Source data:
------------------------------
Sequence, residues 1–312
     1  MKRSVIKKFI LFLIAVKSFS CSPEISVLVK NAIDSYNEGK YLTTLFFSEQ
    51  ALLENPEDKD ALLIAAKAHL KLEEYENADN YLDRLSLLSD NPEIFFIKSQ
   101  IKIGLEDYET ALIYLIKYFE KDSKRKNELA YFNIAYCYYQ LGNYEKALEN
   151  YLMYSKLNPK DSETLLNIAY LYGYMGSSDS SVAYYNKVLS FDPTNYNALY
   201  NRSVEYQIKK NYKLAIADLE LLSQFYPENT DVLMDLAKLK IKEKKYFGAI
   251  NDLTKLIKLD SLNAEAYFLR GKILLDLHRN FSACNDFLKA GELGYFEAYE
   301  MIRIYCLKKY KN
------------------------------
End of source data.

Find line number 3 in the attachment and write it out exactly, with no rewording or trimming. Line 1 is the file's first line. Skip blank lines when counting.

    51  ALLENPEDKD ALLIAAKAHL KLEEYENADN YLDRLSLLSD NPEIFFIKSQ